The thrust of the Bailey decision is that employees who were vested in their retirement systems at the time the taxing legislation was enacted had a right at that time to the benefits of the retirement provisions that existed when they vested. Those persons who are Bailey class members were entitled, on August 12, 1989, not to have adverse changes enacted regarding their retirement systems because they had the necessary creditable service at that time to be vested. The same cannot be said of the six public safety officers who now wish to purchase credit for the omitted membership service between July 10, 1984, when they completed their waiting period, and November of that year. When the General Assembly enacted the statutes taxing Local System retirement benefits, the six public safety officers did not have five years’ service standing to their credit; they were not then vested in the Local System. If they now purchase the omitted membership service, they will acquire additional credit based on their service during the period from July 10, 1984, to November, 1984. However, while that purchase would give them credit now for the additional months in 1984, it does not change the fact that, as of August 12, 1989, they had less than five years’ service standing to their credit and therefore were not vested. Purchasing the service credit in 2000 does not retroactively vest them as of 1989, but instead gives them current credit for the purchased time. Regardless of whether they purchase the omitted membership service, they did not have five years’ service standing to their credit as of August 12, 1989, and therefore they did not have a right as of that date to the benefit provisions of the retirement statute. Consequently, when the General Assembly imposed the state income tax on Local System and LEO retirement benefits by legislation enacted August 12, 1989, the six public safety officers were not vested in their retirement systems and had no right under Bailey to receive their retirement benefits tax-free.
You also asked how the Consent Order filed in Wake County Superior Court in the Bailey litigation on June 11, 1998, affected this inquiry. In Paragraph 6 of that agreement, the parties stipulated that eligibility for participation in the Bailey litigation, insofar as state and local government retirees were concerned, was based on “receiving retirement allowances by reason of five years’ creditable service in a . . . North Carolina state or local government retirement system as of August 12, 1989.” As of August 12, 1989, the six public safety officers did not have five years’ membership service and therefore they are not eligible for Bailey benefits. If they had purchased the omitted membership service prior to August 12, 1989, then they would have had the creditable service in time to be vested before the General Assembly enacted legislation including state and local government retirement benefits in taxable income for state income taxes. Because they did not make the purchase in time to have five years on August 12, 1989, the officers were not “vested” as of that date and are not entitled to receive their retirement benefits free of state income taxes even if they eventually purchase the omitted service.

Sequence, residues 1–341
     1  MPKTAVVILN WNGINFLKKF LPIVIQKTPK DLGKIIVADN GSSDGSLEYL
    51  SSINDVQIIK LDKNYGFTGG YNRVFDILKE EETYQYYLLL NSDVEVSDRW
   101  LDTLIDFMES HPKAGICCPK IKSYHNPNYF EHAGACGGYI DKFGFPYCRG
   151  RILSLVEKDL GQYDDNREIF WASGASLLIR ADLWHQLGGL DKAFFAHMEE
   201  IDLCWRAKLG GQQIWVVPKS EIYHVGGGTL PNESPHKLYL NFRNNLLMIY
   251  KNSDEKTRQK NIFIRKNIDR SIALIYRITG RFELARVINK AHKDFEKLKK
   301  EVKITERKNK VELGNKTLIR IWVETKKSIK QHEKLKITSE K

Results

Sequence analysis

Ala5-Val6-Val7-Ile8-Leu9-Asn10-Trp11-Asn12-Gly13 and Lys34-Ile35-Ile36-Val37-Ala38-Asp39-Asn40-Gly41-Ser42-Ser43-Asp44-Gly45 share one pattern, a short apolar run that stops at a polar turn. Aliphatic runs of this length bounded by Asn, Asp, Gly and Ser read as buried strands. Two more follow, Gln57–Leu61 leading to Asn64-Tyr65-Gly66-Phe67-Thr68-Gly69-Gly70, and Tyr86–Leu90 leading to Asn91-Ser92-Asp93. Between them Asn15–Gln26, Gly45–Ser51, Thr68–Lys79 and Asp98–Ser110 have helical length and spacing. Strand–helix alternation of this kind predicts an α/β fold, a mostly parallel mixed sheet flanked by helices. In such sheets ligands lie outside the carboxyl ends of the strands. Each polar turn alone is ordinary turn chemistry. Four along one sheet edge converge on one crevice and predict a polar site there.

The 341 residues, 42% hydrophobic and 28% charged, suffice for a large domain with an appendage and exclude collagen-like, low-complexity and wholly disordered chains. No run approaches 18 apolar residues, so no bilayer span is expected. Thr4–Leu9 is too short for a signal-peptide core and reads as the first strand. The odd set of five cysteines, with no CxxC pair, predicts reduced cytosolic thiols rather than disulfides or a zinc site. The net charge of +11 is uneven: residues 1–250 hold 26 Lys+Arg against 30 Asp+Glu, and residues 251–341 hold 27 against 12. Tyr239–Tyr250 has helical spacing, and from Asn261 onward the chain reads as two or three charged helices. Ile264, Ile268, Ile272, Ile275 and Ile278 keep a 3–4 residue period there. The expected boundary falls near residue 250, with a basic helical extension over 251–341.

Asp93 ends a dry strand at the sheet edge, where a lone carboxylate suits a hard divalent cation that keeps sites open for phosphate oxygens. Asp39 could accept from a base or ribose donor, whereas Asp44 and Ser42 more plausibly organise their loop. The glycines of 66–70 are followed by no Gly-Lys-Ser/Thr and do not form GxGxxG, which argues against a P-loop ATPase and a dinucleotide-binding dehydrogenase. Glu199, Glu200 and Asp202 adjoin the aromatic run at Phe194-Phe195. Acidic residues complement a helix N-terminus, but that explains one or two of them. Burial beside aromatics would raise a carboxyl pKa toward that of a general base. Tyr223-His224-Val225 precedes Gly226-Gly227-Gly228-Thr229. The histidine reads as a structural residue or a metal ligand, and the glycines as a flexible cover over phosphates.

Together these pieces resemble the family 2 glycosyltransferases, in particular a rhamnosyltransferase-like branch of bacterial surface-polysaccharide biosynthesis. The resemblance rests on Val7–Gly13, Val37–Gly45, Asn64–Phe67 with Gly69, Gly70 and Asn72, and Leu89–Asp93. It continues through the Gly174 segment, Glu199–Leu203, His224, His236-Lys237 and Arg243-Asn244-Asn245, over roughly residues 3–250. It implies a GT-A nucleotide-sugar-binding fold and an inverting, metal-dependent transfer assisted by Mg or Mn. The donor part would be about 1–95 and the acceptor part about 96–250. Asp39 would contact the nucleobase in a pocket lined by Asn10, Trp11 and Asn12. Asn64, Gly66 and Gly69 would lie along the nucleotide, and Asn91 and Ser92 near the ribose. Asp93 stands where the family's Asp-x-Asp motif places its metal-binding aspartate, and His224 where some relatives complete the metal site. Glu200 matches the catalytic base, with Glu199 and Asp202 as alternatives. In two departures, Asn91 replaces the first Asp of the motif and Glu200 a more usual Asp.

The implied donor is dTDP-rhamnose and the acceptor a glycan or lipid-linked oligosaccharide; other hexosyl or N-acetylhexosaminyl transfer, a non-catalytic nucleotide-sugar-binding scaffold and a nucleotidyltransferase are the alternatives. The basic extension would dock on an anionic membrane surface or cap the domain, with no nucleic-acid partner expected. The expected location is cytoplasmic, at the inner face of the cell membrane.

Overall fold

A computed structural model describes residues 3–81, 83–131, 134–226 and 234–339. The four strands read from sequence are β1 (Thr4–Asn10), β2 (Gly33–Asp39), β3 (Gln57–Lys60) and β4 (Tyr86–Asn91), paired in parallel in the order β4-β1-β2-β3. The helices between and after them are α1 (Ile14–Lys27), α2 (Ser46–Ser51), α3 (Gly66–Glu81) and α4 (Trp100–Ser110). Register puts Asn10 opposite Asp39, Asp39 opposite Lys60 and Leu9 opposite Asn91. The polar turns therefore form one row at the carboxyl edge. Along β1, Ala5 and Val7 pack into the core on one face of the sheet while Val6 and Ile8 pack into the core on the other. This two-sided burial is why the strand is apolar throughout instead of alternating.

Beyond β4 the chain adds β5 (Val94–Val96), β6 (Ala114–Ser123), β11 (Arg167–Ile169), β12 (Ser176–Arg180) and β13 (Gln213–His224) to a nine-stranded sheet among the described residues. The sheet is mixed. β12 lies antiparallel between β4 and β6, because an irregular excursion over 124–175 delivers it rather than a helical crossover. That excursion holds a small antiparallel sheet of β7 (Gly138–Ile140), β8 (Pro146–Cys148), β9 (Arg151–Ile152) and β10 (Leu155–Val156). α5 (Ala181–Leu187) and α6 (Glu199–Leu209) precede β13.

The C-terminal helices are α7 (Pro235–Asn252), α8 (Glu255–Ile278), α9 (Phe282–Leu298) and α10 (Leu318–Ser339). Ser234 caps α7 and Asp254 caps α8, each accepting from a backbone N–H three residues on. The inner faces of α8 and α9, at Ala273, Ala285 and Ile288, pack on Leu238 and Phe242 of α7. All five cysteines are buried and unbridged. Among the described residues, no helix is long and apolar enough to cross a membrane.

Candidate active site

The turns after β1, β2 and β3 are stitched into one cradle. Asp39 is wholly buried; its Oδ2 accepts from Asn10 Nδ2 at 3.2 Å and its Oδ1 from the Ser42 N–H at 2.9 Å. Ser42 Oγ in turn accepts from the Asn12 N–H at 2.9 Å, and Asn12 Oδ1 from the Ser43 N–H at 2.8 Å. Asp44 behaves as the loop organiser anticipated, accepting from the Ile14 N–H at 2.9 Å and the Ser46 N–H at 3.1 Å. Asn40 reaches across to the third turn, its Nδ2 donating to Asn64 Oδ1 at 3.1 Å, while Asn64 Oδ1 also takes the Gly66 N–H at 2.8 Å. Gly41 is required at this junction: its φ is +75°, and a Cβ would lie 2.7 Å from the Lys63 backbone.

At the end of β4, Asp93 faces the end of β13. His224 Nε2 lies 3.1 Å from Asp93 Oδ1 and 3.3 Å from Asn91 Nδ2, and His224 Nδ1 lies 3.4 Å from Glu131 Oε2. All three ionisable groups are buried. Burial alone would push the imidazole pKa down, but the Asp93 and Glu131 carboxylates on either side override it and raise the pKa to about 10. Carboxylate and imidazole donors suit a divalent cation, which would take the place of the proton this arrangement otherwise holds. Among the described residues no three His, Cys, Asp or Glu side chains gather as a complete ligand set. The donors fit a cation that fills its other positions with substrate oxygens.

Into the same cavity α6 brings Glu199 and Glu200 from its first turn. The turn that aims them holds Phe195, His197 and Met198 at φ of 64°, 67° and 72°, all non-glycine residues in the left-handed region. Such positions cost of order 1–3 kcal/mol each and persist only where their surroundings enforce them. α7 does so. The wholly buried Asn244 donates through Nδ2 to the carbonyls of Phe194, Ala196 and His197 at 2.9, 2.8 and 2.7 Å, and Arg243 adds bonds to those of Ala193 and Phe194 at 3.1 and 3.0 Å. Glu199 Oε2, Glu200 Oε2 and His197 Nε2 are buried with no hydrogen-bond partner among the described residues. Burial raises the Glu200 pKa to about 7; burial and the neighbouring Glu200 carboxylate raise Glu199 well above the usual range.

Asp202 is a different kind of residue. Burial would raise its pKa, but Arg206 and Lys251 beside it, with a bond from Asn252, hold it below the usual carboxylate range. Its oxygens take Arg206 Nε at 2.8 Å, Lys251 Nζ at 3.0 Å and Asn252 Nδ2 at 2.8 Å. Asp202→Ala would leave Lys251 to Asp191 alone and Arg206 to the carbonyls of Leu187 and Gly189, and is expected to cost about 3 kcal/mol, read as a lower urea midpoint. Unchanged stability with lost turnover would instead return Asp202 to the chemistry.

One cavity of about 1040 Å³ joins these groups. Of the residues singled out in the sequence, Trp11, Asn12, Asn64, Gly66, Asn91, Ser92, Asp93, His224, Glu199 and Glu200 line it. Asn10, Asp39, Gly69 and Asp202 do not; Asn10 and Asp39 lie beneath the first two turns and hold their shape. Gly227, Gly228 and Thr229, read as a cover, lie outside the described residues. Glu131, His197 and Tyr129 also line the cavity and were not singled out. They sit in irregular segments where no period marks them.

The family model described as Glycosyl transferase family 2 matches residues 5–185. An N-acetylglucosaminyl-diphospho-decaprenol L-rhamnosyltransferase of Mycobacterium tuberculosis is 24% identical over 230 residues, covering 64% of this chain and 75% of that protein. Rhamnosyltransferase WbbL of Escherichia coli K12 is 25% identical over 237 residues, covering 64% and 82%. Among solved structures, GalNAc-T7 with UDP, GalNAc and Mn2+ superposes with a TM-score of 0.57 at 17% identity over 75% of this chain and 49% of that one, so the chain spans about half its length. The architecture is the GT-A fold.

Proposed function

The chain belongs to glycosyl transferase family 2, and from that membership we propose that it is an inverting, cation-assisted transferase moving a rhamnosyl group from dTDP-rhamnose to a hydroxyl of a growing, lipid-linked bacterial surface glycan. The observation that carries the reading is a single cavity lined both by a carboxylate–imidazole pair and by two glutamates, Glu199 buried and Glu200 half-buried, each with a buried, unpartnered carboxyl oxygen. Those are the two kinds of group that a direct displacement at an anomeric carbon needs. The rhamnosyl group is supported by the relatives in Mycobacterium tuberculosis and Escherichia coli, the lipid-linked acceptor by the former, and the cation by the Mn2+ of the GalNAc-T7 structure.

In sum, the six public safety officers who were not enrolled in their respective retirement systems until November of 1984 were not vested in their retirement systems as of August 12, and will not be entitled to receive their retirement benefits free from state income taxes even if they purchase credit for the time from July 10, 1984, until November of that year.
Grayson G. Kelley Senior Deputy Attorney General
Norma S. Harrell Special Deputy Attorney General